The “pain points” they identify then evolve into challenge prompts that are introduced to the contestants. In 2018, the challenge statements covered a broad range of topics, including the use of AI in dermatology, measurement and evaluation of chronic diseases, gaps in diagnosis and treatment, treatment costs, and topical delivery of medication.

For example, one statement asked, “How can precision medicine principles and data be applied to help clinicians and researchers better understand chronic skin conditions to detect flares?” In 2019, this process was opened to a wider audience by crowd-sourcing ideas for consideration through online submissions. The results are now on the Hacking Dermatology website.

In addition to establishing expert oversight, the Pre-Hack is also important for securing a promising group of hackers. The key for any successful hackathon is diversity. Participants with backgrounds in computer science, engineering and business are often able to offer a fresh perspective and creative approach that may not yet have been considered. On the other hand, doctors, scientists and patients who have spent years immersed in the issues at hand provide knowledge necessary to steer focus toward the most important facts and details of each skin condition. From experience, the best ideas from the 1st Hacking Dermatology event came from teams with clinical experts.

Fostering a productive environment through mentorship

Once participants and challenge prompts are finalized, the official event is ready to take place. Like most hackathons, Hacking Dermatology brings the teams together over the course of a weekend, where they begin to formulate and develop solution driven projects in response to the challenge areas. What separates Hacking Dermatology is an enhanced commitment to mentorship. Informational presentations and speeches are given to set the stage and a sound support system is in place early on. Each team is paired with mentors who are available around the clock to provide important insights and evaluate new ideas.

At the end of day three, each team presents a proposal to a panel of judges and five winners are announced and awarded seed funding. For many hackathons, this point marks the end of the road. But the reality is that meaningful healthcare solutions take time to develop. With this notion in mind, Hacking Dermatology was designed to include a unique post-hack support process to drive ideas through to completion.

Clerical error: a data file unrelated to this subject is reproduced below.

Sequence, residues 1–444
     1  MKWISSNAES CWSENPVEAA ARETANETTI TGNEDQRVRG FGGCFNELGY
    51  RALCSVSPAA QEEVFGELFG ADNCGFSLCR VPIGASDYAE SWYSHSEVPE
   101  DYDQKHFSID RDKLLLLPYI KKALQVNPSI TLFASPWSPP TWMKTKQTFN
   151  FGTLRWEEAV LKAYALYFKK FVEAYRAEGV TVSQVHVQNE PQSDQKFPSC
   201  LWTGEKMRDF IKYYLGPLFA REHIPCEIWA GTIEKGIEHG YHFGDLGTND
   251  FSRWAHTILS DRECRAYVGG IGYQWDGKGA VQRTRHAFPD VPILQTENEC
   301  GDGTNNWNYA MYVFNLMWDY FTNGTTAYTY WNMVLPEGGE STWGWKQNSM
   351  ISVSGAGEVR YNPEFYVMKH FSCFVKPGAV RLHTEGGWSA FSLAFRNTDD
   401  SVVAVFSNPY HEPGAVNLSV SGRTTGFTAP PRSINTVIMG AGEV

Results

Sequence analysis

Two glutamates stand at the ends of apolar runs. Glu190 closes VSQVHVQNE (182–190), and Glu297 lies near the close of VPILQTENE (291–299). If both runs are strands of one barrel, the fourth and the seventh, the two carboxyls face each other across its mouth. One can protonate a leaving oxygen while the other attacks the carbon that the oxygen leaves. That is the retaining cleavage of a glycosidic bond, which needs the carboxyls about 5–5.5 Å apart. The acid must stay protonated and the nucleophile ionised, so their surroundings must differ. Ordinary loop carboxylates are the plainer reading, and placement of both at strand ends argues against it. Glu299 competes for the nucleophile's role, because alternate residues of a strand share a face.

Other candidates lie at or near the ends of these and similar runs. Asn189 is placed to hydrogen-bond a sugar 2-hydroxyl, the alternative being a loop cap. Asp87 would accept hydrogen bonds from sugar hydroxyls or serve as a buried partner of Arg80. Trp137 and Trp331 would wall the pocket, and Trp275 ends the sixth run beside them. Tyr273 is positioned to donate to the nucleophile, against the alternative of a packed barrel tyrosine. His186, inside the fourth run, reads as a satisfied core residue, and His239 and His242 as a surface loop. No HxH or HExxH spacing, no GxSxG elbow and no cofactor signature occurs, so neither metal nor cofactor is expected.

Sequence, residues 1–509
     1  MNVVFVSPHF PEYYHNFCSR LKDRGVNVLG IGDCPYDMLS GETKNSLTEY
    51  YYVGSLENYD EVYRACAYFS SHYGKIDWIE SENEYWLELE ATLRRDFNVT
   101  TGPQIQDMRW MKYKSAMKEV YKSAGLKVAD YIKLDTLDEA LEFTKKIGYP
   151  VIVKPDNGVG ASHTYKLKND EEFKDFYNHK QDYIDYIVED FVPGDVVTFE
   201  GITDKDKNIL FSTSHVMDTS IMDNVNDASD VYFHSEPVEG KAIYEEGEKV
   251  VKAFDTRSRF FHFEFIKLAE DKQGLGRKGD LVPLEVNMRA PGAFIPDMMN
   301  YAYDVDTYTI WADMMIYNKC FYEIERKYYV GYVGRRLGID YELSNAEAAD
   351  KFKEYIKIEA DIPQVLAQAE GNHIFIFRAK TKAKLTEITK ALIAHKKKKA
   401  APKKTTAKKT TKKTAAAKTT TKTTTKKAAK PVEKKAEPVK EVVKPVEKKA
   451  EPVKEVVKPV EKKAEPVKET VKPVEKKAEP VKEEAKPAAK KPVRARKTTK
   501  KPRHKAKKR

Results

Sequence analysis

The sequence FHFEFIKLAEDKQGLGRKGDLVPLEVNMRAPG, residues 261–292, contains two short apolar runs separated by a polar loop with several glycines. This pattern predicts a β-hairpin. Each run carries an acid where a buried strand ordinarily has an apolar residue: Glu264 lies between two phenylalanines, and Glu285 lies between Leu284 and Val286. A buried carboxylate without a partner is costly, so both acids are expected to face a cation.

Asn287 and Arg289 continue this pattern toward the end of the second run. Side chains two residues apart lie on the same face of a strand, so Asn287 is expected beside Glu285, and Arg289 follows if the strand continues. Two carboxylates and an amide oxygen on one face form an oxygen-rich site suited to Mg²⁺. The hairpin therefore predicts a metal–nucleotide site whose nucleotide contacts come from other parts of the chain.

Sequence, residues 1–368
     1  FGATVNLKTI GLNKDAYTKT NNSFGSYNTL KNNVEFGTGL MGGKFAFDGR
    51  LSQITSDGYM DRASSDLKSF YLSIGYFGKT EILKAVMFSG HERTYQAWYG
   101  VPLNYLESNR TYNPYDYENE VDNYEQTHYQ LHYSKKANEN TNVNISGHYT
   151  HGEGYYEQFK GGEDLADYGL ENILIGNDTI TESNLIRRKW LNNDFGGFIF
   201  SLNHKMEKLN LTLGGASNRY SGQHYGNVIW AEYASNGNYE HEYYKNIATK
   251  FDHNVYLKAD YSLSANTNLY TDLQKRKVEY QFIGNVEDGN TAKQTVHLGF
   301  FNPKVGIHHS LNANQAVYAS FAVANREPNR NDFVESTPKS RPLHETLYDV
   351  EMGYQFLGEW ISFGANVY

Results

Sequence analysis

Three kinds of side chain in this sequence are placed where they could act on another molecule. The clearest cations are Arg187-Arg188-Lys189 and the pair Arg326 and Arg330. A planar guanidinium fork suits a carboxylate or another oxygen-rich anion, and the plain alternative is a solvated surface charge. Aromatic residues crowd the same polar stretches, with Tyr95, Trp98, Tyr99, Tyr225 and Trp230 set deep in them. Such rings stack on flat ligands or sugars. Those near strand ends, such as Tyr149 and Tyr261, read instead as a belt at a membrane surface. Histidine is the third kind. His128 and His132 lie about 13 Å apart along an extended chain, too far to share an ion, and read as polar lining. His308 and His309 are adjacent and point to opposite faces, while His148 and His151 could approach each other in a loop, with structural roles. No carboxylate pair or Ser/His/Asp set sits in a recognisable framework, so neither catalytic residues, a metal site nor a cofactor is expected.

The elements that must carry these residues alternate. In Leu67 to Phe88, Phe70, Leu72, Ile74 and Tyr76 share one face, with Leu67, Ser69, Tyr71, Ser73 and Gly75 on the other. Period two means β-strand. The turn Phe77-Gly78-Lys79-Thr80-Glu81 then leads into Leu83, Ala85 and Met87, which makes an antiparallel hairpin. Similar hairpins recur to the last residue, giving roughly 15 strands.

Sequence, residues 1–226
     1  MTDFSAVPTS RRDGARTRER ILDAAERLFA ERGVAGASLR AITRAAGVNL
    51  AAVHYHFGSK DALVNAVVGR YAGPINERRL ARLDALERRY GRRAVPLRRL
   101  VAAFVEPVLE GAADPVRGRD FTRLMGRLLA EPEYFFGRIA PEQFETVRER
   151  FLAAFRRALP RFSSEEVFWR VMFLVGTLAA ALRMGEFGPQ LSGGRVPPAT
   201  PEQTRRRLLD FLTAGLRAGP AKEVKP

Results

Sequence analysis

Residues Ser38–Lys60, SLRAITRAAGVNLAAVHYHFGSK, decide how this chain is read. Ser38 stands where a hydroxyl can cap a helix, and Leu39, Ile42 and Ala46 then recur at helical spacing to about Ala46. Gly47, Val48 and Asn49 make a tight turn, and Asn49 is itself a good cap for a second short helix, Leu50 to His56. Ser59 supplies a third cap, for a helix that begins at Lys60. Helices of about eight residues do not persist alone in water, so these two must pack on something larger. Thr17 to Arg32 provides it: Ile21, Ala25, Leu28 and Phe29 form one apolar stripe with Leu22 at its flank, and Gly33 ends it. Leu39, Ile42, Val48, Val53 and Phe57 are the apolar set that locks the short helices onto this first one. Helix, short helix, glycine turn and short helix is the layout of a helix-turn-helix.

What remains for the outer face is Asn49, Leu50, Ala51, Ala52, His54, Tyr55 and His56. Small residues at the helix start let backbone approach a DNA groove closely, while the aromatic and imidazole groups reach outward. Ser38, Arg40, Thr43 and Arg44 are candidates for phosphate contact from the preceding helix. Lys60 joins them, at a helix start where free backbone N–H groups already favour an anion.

Moving from idea to business proposal

After the three-day hackathon, the focus shifts toward testing and refining ideas. The five winning teams have the next three months to polish their initial presentations and develop serious business proposals. Mentors continue their involvement and act as extended team members. Each team is also given access to HMi’s network of professional services and innovation experts as they prepare for the next round of evaluation.

Identifying true promise

After a second round of presentations, the top three business proposals are chosen, and an extended incubation period begins through HMi. These three teams are given additional funding, mentorship and access to scientific and start-up resources. Access to these resources is invaluable and can accelerate research and development in meaningful ways. In addition, each team is required to update HMi with frequent progress reports to ensure that they maintain momentum and achieve goals. It becomes an intense collaborative effort to fine-tune and form a start-up company with true market value. Read about last year’s exciting winners here.

Turning ideas into assets and great teams

Hacking Dermatology differentiates itself from other hackathons through a specialized approach, access to industry leaders, and a heightened focus on guiding new ideas to market. Progress is driven by innovation and true innovation is a collaborative effort. Hackathons offer a platform to set defined goals and build a skilled network focused on achieving those goals. Awareness of initiatives like Hacking Dermatology is important as the field works to prioritize innovation in order to discover the next groundbreaking solutions for patients. It’s also a great, actionable way for practicing dermatologists to get involved in innovation where the clinical expertise is so exceptionally valued.

READ FULL ARTICLE | Dermatology Times